Judge Blocks A Portion Of The NDAA

The highly-controversial indefinite detention provision signed into law by the President at the end of last year has been ruled unconstitutional by a U.S. District court judge in New York. The provision allows the military to detain anyone indefinitely if they are suspected of associating with terrorists – whether they realize it or not.

But that law was challenged by a group of journalists and whistleblowers – including Chris Hedges, Noam Chomsky, and Daniel Ellsberg – who argued the law violated the First Amendment – since journalists often come in contact with terrorist organization and thus under the law could be subject to detention. On Wednesday night, Judge Katherine Forrest agreed with the plaintiffs in the case, ruling that the law is unconstitutional – violating the First Amendment rights of the press and the Fifth Amendment right of due process.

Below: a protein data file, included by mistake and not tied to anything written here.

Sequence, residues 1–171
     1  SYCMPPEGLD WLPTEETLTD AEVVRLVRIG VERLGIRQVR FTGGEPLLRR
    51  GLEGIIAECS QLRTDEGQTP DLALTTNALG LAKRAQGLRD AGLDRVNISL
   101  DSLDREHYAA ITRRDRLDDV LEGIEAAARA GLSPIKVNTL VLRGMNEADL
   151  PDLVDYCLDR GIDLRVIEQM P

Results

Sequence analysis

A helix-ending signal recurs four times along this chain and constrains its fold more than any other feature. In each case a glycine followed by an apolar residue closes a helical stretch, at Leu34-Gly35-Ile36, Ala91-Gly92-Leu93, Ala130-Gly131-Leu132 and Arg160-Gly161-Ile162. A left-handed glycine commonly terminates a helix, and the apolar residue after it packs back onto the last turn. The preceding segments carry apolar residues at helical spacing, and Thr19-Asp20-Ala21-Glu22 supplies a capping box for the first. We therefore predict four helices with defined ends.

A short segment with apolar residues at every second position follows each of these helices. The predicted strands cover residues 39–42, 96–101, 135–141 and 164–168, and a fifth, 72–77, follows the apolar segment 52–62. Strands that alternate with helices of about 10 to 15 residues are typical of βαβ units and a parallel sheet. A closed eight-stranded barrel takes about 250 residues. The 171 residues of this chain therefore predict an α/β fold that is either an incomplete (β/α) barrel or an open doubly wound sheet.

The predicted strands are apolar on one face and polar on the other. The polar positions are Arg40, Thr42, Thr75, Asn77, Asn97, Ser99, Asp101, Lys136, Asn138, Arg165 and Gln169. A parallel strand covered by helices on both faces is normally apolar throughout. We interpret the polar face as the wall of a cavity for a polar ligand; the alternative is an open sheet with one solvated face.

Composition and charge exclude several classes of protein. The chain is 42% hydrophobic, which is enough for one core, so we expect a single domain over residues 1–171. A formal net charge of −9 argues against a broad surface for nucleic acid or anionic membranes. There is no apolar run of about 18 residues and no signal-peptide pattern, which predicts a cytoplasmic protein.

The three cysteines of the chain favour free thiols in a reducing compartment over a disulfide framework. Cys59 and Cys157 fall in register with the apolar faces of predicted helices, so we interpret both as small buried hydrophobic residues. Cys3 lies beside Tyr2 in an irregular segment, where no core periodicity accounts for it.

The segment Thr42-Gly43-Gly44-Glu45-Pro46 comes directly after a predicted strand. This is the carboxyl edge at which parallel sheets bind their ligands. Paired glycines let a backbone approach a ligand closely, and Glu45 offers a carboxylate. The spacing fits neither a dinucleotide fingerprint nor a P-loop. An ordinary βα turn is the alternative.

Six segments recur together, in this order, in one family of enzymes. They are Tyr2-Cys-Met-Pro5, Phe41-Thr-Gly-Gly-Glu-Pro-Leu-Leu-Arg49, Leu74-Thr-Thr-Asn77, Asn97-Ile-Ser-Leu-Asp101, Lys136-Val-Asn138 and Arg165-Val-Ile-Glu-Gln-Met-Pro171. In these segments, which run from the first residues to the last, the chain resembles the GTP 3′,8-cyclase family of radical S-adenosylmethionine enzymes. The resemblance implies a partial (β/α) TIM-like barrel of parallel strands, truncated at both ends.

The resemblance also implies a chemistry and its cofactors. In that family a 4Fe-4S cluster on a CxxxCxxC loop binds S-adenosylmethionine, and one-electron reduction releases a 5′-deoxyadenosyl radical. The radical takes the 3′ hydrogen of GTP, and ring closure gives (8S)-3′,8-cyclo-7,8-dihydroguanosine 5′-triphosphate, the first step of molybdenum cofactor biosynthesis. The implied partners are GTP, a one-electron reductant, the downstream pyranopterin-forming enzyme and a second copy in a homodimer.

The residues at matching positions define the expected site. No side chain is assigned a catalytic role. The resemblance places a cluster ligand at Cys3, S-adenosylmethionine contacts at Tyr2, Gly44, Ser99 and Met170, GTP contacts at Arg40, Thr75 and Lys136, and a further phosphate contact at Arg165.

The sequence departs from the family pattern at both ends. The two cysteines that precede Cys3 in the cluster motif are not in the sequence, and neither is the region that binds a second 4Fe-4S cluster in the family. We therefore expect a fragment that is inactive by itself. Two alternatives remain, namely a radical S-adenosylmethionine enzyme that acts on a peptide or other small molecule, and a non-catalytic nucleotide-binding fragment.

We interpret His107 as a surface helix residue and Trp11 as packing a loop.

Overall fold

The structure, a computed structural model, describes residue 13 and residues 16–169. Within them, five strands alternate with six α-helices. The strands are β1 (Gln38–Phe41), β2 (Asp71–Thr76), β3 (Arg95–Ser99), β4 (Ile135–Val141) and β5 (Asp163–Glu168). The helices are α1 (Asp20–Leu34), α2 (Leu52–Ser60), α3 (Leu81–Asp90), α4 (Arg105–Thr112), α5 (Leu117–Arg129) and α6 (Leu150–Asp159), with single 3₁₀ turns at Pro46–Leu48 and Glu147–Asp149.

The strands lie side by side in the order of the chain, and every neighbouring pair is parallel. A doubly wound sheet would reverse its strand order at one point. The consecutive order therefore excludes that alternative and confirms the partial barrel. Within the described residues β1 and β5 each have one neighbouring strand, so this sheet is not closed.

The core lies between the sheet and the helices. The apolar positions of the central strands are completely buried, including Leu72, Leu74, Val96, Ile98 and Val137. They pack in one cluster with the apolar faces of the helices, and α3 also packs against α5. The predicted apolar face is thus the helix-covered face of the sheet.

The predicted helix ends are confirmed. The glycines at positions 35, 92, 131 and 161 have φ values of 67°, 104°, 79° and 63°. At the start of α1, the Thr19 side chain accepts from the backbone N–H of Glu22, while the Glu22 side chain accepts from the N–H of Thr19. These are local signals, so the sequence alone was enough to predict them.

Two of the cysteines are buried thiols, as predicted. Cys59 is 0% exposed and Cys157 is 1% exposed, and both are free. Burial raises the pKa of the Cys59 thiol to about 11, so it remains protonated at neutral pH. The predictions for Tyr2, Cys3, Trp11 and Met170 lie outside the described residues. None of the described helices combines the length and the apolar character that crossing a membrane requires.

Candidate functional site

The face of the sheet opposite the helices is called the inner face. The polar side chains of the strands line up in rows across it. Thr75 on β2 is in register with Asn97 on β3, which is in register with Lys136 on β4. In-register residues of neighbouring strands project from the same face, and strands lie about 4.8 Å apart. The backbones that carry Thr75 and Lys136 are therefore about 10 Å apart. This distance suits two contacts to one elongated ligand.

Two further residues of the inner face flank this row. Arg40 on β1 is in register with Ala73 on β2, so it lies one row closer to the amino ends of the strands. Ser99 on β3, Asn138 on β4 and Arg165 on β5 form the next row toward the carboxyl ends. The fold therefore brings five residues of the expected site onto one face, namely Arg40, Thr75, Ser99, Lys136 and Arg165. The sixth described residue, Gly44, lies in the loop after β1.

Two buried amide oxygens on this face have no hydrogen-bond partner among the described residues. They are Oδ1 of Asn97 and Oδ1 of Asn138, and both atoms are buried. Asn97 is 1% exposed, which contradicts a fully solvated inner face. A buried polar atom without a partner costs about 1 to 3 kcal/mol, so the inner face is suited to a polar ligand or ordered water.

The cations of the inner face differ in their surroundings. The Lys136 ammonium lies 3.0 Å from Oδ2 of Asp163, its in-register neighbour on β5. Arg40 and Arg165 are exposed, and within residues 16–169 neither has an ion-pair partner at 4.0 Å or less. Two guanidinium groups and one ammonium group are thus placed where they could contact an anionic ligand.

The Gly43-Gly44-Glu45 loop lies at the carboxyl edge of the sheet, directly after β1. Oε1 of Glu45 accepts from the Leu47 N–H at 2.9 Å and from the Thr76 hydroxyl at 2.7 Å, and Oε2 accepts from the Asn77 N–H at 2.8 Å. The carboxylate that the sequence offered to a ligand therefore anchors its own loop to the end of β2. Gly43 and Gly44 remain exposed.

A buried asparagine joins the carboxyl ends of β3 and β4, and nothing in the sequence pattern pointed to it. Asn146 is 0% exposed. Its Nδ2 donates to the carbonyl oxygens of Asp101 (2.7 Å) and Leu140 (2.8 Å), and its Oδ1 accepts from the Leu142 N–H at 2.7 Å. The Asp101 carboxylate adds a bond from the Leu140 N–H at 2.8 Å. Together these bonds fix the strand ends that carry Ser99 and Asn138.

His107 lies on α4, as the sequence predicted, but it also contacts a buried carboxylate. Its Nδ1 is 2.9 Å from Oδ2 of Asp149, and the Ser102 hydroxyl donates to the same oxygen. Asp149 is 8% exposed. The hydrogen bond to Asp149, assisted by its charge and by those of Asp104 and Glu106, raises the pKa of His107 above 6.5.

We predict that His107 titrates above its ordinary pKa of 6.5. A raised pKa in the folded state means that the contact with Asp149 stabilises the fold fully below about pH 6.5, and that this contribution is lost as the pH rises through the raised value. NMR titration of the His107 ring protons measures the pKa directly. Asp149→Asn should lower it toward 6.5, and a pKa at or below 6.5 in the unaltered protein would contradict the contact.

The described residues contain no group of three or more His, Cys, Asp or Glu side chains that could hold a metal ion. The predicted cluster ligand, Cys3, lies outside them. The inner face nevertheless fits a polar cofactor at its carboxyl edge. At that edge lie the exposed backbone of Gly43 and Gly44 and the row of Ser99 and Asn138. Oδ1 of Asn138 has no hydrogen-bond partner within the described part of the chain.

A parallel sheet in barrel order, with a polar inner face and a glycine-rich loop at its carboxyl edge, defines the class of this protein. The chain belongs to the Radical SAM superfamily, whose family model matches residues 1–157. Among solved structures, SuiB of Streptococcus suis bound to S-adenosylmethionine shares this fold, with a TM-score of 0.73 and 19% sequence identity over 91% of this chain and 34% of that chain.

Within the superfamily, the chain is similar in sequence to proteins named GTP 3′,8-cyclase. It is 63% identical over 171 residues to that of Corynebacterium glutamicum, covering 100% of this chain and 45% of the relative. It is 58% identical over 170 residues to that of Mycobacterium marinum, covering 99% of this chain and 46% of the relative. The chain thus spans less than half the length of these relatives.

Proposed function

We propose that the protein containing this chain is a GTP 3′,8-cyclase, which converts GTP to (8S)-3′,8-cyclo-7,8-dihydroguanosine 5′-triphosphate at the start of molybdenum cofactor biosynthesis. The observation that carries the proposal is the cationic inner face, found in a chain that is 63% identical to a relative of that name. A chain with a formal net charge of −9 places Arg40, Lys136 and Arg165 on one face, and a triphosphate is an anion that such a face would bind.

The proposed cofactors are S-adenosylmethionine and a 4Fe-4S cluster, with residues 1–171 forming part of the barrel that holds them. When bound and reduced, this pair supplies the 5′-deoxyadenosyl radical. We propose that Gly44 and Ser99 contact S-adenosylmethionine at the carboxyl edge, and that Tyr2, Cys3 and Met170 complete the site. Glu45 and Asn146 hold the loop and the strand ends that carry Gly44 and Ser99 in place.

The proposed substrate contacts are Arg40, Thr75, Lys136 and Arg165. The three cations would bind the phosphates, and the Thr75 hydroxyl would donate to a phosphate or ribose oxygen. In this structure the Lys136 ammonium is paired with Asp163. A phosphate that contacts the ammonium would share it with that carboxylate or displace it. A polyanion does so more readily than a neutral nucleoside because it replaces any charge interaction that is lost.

Meanwhile, as a new version of the NDAA is being debated in Congress, brave members on both sides of the aisle are arguing that there should be no indefinite detention provision in it, invalidating the previous NDAA. We need to return to the values our nation was founded on, which include bravery and due process – and not fear and medieval imprisonment techniques.

Thom Hartmann
Thom Hartmann is a progressive nationally and internationally syndicated talkshow host (also simulcast as TV in 40 million homes by Dish Network/Free Speech TV), and New York Times bestselling, four-time Project Censored winning author of 24 books in print in 17 languages on five continents. Follow Thom on Twitter @Thom_Hartmann

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VIDEO/PHOTO: Palestine & Israel supporters clash during NYC protest

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U.S. Secretary of State John Kerry and Israeli Prime Minister Benjamin Netanyahu shake hands amid a news conference in Jerusalem on December 5, 2013. [State Department photo/ Public Domain]

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